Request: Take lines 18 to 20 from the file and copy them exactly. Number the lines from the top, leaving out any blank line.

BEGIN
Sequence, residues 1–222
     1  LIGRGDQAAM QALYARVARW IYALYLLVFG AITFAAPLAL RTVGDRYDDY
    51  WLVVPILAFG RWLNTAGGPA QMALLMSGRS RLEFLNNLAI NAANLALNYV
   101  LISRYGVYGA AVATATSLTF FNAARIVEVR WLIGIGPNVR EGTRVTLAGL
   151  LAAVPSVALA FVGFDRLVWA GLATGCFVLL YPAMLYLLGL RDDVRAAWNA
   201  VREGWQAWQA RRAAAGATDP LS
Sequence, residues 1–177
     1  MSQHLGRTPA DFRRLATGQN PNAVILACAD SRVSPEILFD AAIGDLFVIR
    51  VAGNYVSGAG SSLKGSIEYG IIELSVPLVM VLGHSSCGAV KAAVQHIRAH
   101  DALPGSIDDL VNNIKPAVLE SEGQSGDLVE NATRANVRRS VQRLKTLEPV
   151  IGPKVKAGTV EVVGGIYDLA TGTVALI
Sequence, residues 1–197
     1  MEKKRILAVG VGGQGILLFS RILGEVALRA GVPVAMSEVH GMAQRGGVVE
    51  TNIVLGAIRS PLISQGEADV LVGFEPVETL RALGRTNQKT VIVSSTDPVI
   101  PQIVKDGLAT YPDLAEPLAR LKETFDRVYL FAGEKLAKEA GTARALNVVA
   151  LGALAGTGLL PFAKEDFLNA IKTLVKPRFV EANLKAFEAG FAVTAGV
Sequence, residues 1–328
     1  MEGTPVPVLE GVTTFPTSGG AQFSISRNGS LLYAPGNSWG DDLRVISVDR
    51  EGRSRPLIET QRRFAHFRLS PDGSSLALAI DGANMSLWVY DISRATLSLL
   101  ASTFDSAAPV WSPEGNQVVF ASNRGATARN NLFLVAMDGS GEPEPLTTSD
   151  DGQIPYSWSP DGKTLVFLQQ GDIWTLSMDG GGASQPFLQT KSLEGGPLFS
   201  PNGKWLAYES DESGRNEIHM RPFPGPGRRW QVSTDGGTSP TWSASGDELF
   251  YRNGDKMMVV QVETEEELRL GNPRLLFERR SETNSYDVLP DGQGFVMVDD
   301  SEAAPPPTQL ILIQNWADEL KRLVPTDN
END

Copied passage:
     1  MEGTPVPVLE GVTTFPTSGG AQFSISRNGS LLYAPGNSWG DDLRVISVDR
    51  EGRSRPLIET QRRFAHFRLS PDGSSLALAI DGANMSLWVY DISRATLSLL
   101  ASTFDSAAPV WSPEGNQVVF ASNRGATARN NLFLVAMDGS GEPEPLTTSD